• increase the metabolic rate. Removal of the thyroid gland lowers the thyroid hormone concentration in the body which results in a lower metabolic rate, heat loss, and poor mental and physical development. Another hormone produced by the thyroid gland is called calcitonin. Calcitonin is secreted when calcium levels in the blood are high. It stimulates calcium to leave the blood and enter the bones, thus lowering blood calcium back to normal. PARATHYROID GLANDS Location and Structure: The parathyroid glands are four small oval bodies located on the back side of the thyroid gland. Function Parathyroid hormone is secreted by the parathyroid glands. This hormone mobilizes calcium from bones into the bloodstream where calcium is necessary for proper functioning. Calcium in food is absorbed from the intestine and carried by the blood to the bones, where it is stored. The level of calcium in the blood is a good example of the way hormones control the homeostasis of the body. A decrease in blood calcium causes the parathyroid hormone to be secreted in larger amounts, which in turn causes calcium to leave the bones and enter the bloodstream bringing blood calcium back to normal. In a situation of increased blood calcium, the parathyroid hormone secretion decreases, and blood calcium is again brought back to normal. ADRENAL GLANDS Location and Structure: The adrenal glands are two small glands situated one on top of each kidney. Each gland consists of two parts, an outer portion called the adrenal cortex and an inner portion called the adrenal medulla. The cortex and medulla are two glands in one, each secreting its own different endocrine hormones. The cortex secretes hormones called coriticosteroids, and the medulla secretes hormones called catecholarnines. The adrenal cortex secretes three types of steroid hormones known as corticosteroids: Mineralocorticoids. These hormones are essential to life because they regulate the amounts of electrolytes that are retained in the body. A proper balance of water and salt in the blood and tissues is essential to the normal function of the body.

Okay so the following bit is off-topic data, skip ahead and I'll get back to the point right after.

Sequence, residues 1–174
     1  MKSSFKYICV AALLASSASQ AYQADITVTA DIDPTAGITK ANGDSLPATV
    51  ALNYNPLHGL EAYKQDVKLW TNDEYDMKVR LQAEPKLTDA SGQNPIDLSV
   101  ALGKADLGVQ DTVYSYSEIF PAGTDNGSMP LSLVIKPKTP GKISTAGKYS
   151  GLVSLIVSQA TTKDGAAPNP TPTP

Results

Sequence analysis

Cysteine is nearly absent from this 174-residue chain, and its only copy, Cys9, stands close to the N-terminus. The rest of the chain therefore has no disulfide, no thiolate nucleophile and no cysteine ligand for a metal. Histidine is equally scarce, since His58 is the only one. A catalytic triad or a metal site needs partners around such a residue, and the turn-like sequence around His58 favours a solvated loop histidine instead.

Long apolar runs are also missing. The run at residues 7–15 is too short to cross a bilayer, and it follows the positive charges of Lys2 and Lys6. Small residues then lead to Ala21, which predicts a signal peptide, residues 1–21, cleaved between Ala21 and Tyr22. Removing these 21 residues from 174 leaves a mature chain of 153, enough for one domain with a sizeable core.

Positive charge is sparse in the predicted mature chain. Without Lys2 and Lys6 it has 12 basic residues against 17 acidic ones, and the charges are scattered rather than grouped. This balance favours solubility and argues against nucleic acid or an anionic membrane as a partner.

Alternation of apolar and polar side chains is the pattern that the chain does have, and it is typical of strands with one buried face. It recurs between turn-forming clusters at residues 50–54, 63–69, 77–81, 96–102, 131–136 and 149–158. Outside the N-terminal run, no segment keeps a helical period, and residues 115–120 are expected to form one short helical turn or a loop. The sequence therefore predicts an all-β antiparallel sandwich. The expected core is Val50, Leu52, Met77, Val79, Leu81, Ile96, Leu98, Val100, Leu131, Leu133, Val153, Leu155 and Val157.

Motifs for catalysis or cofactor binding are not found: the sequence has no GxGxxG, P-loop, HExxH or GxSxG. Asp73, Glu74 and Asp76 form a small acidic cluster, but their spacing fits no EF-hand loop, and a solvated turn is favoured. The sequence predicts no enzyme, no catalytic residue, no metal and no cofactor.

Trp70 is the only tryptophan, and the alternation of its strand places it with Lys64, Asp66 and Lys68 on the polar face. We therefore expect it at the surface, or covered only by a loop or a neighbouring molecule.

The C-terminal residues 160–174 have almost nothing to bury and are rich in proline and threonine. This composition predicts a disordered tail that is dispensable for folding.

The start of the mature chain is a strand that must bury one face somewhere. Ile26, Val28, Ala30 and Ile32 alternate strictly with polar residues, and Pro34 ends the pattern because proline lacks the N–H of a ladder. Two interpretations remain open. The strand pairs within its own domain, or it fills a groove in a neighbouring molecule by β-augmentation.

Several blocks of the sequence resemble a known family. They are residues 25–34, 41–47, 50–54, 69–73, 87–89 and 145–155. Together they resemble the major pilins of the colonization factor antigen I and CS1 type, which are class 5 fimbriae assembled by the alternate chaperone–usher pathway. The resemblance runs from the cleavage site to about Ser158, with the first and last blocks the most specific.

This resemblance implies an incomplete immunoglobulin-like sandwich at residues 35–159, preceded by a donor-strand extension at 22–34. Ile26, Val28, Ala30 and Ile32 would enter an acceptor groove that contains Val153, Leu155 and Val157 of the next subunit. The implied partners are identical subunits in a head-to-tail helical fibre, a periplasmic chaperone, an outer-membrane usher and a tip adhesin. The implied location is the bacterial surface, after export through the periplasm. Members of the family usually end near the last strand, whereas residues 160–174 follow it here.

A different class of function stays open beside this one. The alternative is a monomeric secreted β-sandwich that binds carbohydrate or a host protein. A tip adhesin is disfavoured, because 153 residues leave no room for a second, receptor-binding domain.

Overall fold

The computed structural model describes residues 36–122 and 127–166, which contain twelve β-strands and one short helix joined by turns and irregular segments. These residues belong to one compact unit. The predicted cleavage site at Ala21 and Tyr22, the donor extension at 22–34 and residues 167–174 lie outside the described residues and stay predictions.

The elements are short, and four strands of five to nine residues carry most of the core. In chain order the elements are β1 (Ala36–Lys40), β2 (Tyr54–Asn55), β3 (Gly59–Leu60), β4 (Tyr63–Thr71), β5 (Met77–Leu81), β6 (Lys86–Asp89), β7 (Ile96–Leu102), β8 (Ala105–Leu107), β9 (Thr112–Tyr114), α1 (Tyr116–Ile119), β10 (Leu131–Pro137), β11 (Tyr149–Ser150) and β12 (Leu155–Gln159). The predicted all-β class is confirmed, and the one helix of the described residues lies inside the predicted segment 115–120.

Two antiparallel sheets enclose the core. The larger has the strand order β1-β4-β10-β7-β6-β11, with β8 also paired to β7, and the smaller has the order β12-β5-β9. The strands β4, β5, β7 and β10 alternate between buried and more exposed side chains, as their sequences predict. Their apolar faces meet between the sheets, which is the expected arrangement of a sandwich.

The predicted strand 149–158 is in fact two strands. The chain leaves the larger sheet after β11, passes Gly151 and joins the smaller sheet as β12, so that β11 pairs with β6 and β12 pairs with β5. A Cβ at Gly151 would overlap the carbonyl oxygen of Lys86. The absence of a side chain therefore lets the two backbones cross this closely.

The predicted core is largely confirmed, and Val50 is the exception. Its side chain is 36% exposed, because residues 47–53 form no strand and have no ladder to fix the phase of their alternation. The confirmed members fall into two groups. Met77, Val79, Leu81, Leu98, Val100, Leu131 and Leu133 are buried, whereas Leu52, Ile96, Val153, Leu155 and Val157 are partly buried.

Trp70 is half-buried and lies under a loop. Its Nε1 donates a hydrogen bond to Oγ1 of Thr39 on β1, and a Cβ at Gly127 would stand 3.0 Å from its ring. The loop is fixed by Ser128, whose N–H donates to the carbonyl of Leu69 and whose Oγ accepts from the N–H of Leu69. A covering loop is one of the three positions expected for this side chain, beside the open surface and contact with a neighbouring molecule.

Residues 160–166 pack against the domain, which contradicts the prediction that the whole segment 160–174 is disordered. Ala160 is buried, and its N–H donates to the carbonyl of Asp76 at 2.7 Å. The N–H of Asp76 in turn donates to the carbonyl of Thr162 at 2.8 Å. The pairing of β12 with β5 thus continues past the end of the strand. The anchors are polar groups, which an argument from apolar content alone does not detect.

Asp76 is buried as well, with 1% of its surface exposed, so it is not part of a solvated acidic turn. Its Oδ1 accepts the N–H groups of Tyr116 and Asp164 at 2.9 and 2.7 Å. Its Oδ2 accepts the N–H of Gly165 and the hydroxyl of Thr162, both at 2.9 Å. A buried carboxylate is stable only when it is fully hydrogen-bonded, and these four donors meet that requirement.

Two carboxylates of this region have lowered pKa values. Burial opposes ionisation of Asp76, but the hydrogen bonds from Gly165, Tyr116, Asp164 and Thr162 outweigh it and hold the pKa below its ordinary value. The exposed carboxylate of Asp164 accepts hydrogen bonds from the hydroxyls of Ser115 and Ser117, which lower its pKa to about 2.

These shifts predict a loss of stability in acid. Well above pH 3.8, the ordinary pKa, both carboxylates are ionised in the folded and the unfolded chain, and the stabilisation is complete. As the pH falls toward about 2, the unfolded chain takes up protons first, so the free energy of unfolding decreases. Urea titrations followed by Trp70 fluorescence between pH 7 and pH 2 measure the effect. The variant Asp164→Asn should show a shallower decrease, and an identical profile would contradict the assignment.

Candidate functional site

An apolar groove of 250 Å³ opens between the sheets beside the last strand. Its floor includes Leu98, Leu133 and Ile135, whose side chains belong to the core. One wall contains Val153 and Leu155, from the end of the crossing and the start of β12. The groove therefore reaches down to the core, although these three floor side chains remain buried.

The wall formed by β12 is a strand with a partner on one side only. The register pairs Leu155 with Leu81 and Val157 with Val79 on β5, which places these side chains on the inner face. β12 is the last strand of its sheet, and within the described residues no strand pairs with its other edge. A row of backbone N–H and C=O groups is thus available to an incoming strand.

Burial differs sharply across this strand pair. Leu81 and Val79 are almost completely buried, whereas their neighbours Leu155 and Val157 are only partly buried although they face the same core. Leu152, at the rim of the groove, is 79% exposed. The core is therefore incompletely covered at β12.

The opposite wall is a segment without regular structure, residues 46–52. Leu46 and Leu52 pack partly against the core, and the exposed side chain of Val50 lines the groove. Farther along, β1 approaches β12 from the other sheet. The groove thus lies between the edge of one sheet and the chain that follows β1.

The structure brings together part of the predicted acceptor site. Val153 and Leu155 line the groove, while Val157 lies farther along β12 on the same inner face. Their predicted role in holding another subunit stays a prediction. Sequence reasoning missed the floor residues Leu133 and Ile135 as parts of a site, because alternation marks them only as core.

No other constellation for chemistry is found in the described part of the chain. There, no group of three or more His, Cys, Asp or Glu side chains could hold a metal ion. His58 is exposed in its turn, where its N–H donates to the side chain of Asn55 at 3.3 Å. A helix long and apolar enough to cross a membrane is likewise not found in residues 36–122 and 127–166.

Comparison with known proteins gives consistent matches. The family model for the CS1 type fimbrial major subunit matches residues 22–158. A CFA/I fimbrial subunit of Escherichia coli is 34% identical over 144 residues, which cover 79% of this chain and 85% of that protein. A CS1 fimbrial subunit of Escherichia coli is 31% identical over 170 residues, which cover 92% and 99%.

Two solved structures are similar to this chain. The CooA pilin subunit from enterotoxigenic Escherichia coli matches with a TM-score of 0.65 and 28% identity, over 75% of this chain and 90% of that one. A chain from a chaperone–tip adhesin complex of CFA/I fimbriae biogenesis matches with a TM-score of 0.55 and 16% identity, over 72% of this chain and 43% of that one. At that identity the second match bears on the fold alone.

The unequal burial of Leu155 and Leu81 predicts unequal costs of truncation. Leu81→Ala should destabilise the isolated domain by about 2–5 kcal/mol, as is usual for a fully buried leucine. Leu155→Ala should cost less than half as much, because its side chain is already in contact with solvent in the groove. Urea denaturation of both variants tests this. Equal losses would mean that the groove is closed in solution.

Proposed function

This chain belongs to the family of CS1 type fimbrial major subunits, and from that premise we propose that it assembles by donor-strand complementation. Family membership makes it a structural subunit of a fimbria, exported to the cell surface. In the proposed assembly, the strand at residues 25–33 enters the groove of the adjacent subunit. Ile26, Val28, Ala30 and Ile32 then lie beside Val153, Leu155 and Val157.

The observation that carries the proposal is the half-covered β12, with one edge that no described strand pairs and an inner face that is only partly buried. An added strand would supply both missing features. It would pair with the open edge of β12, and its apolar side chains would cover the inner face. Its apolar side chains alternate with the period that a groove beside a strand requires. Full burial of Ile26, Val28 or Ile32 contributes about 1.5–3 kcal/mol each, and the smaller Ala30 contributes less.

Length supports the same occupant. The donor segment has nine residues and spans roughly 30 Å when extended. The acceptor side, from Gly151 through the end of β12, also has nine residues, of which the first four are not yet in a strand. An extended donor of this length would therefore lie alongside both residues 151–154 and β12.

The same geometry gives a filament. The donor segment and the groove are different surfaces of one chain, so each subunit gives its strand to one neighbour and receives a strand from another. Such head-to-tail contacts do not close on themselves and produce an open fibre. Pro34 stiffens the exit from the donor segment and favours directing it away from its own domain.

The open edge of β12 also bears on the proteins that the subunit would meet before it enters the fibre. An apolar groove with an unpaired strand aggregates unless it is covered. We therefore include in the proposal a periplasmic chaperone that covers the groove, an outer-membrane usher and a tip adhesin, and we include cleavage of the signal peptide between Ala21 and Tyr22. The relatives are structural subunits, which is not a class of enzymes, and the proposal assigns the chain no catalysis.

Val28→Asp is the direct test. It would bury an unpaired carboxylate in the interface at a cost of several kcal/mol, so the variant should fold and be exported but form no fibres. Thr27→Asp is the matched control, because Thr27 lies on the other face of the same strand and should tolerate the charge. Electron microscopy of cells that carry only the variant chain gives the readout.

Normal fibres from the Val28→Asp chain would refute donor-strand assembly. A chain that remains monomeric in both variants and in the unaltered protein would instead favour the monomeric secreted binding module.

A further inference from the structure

• The most important mineralocorticoid hormone is called aldosterone. The secretion of aldosterone by the adrenal cortex increases the reabsorption of sodium into the bloodstream by the kidney tubules. At the same time, aldosterone stimulates the excretion of the electrolyte potassium. Glucocorticoids. These steroid hormones have an important influence on the metabolism of fats, sugars, and protein within cells and have an anti-inflammatory effect. Cortisol, also called hydrocortisone, is the most important glucocorticoid hormone. Cortisol increases the ability of cells to make new sugars out of fats and proteins and regulates the quantity of fats, sugars, and proteins in the blood and cells. Cortisone is a hormone very similar to cortisol and can be prepared synthetically. Cortisone is useful in treating inflammatory conditions such as multiple sclerosis and arthritis. Androgens, Estrogens, and Progesterone. These are male and female hormones that maintain the secondary sex characteristics such as beard and breast development, and are necessary for reproduction. These hormones are also produced in the ovaries and testes. Excess adrenal androgen secretion in females leads to the development of male characteristics; for example, facial hair. Excess adrenal estrogen and progesterone secretion in males develops feminine characteristics such as soft skin and higher pitched voices. The adrenal medulla secretes two types of catecholamine hormones: Epinephrine. Its trade name is adrenaline, by which it is mostly known. This hormone increases cardiac rate, dilates bronchial tubes, and stimulates the production of glucose from glycogen when glucose is needed by the body. Norepinephrine. Its common or trade name is noradrenaline. This hormone constricts vessels and raises blood pressure. Both epinephrine and norepinephrine are called sympathomimetic and parasympathomimetic agents because they mimic the actions of the sympathetic nervous system or the parasympathic nervous system. During stress, these hormones are secreted by the adrenal medulla in response to stimulation. They help the body respond to stressful situations by raising blood pressure, increasing heartbeat and respiration, and bringing sugar out of storage and into the cell for more energy.